I have a 2001 Ford Ranger with stalling problems. Recently I have narrowed the range of possibilities to a fuel delivery problem. The truck has 85,000 miles on it and I had the fuel pump replaced about 10,000 miles ago, the fuel filter was replaced at the same time. The stalling usually happens after it has run for a while and can happen while idling or driving at any speed. . .whenever it lacks fuel. It will restart and run ok for a while after if you leave it alone for a half hour or more. Over the last few months it has happened with greater frequency to the point where I am currently not driving it. I can get it to stall in my driveway by letting it run for ten min. or so. I am getting two computer codes: PO 402 and PO 453. Any Ideas?
How did you narrow the range of possibilities to a fuel problem? Nothing that you said indicates anything about that.
Your EGR valve may very well be sticking open, or being opened when it shouldn’t (P0402). “Excessive EGR flow” will stall a car. You need to check the DPFE sensor, and EVR solenoid. If you also want a quick way to find out whether or not it is your problem, pull the vacuum line from the EGR valve. Plug the line and the port on the valve. Drive around a bit that way and see what happens.
Who installed the fuel pump and why? The P0453 indicates an overpressurized gas tank - probably from evap not purging/lines clogged etc., or a bad pressure sensor/wiring for sensor. I doubt this would cause your symptoms. The EGR fits the bill for that.
Kona Guy–I disconnected the vacuum line from the EGR and pluged both the line and the valve port. It didn’t solve the problem. I suppose that I should remove the EGR and tube to see if it is stuck in the open position? I determined the fuel delivery was probably the issue by removing one of the # 1 spark plug wires installing a spark plug and observing the spark when the engine was stalling. At the same time I sprayed starter fluid into the intake port. The spark remained normal, while the starter fluid temporarily recovered the stall.
I went to the Ford Dealer here to diagnose the stalling problem two years ago. They had a backlog of work and sent me to a couple of mechanics that had quit Ford to open their own shop. I was told they were among their best mechanics. I did not have an ODO 2 code reader at the time so I don’t know what codes were being generated. They determined that I needed a new fuel pump. They installed an Airtex E2269S fuel pump from CarQuest.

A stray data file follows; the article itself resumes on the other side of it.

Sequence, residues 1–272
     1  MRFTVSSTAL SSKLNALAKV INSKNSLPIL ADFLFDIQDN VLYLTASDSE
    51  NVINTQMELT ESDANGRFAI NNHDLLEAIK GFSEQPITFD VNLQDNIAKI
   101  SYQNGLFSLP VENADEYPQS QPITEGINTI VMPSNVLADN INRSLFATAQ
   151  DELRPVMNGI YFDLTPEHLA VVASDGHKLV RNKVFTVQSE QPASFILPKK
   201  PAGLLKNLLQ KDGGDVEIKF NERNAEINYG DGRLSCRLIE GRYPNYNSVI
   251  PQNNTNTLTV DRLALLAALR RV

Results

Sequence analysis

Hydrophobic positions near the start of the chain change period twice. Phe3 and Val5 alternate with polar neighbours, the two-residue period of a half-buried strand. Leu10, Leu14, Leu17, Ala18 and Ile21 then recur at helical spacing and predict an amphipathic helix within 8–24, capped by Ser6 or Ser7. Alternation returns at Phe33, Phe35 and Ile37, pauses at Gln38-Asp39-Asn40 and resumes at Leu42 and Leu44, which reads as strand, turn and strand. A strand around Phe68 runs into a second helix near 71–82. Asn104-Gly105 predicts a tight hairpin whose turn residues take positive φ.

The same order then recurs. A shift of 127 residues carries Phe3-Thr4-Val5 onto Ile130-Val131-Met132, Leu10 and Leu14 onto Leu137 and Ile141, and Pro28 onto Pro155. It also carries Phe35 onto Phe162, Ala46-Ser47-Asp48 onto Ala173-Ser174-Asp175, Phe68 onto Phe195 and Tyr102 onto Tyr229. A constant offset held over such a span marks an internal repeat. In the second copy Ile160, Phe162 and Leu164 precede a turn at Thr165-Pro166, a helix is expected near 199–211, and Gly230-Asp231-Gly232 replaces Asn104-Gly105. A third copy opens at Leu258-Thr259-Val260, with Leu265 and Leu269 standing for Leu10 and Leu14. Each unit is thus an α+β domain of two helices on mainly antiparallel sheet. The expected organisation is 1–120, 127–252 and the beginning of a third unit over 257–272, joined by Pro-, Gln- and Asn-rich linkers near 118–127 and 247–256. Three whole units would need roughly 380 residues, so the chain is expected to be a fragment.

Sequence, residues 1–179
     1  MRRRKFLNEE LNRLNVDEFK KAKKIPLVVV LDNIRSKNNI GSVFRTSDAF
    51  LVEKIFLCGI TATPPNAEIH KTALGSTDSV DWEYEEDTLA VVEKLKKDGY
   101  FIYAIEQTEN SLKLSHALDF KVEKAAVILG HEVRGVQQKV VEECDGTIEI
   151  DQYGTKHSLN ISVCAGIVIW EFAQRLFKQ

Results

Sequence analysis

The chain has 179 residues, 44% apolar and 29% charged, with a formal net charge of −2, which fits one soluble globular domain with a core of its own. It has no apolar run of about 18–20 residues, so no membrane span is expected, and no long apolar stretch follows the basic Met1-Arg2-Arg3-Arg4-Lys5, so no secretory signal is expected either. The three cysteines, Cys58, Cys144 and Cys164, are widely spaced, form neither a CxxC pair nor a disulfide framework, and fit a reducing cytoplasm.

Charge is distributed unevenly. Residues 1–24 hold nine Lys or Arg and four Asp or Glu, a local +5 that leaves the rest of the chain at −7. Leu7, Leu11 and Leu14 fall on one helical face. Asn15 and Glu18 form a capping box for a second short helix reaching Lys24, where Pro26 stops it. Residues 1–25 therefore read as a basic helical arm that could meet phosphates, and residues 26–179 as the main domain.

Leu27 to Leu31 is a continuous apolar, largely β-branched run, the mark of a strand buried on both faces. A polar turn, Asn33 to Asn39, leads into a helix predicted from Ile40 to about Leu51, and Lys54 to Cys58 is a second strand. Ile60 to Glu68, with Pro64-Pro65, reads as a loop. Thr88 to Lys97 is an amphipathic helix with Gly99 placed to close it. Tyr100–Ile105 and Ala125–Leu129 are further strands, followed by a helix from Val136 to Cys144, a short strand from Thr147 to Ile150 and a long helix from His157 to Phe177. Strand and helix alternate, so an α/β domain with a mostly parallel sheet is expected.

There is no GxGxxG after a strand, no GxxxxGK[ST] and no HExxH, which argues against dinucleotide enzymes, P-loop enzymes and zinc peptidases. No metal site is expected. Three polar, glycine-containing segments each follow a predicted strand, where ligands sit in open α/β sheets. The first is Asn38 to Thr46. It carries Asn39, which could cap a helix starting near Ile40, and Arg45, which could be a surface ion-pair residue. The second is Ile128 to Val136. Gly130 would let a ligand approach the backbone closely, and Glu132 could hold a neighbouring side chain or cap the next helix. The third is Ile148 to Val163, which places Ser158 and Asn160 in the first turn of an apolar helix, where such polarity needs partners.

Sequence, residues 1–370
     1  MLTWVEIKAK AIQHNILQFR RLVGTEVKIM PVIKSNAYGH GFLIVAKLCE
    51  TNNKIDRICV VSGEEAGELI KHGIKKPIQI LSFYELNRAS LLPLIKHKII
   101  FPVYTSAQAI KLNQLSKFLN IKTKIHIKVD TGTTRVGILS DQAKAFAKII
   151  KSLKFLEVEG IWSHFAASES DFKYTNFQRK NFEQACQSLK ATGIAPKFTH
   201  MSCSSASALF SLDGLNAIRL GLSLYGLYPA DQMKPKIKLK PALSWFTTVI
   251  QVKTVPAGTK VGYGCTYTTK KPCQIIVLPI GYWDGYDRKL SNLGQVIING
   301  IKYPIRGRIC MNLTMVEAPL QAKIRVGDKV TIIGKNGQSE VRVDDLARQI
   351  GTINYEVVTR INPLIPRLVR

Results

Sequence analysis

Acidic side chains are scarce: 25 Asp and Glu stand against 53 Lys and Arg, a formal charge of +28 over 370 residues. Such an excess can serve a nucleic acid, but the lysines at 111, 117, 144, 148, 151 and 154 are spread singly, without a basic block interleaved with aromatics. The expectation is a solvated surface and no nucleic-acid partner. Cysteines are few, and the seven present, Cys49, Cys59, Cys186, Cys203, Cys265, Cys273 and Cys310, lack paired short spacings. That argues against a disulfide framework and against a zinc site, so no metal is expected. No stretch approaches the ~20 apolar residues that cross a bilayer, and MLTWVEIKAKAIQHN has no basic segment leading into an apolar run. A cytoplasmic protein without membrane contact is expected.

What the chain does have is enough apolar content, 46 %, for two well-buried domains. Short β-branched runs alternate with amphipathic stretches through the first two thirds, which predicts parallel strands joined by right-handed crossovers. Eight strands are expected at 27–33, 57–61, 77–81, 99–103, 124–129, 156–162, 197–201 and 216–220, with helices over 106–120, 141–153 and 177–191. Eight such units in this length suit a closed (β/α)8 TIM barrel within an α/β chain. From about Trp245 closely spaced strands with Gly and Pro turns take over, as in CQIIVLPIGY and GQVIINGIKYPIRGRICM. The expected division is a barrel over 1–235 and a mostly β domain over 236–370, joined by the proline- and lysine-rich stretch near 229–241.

I don’t know if it is important, after installing the fuel pump, the gas gauge only goes up half way when I fill it up. I complained to them, but they weren’t interested in trying to fix it and said the distributor didn’t think it a significant problem to be a warrante issue. Also, my engine temperature gauge indicates that my engine is cold most of the time. I don’t know if it is a faulty sensor or gauge. The heat from the heater box when I turn on the heat is fairly hot so I think it is probaby the gauge. If it is the sensor or the thermostat, could this contribute to the stalling problem? The stalling problem predates the gauge discrepancy which is a recent development.
“my engine temperature gauge indicates that my engine is cold most of the time.”
You need to address that before you do anything else. A bad coolant temperature sensor makes a mess out of engine controls. The truck will never go to closed loop operation and you’ll end up doing the equivalent of driving around with the choke on.
You must have a check engine light on?
New-ish fuel pump or not, someone needs to get a fuel pressure gauge back on it.
My neighbor just had a 2003 Expedition die last night. We chased down the fuel pump relay which was soldered into the distribution block, supposedly not servicable. The issue with his is a fracture in the solder joint that holds this relay into the circuit board.
I know I am describing a fault on an Expedition instead of the Ranger you have but it may give you a different direction to look into. No code was set for his that my reader would detect.
actually, I don’t have an engine indicator light on regarding the temperature sensor. I just have the two mentioned before, the PO 402 and PO 453. The gauge failures I have had seem to be oddly random, first the fuel gauge and then the temperature gauge. I had a Nissan pickup truck some years ago that had a charging problem. Nissan wanted $$$ to find the problem, I spent a few days tracing the problem with a continuity tester and it ended up being corrosion on the foil on the back of the fuse block, I soldered a wire jumper across the corrosion. Success. . . I think I will try replacing the coolant temperature sensor, but first, I’ll try to determine if it has failed . I’ll get back to you all soon-- Thanx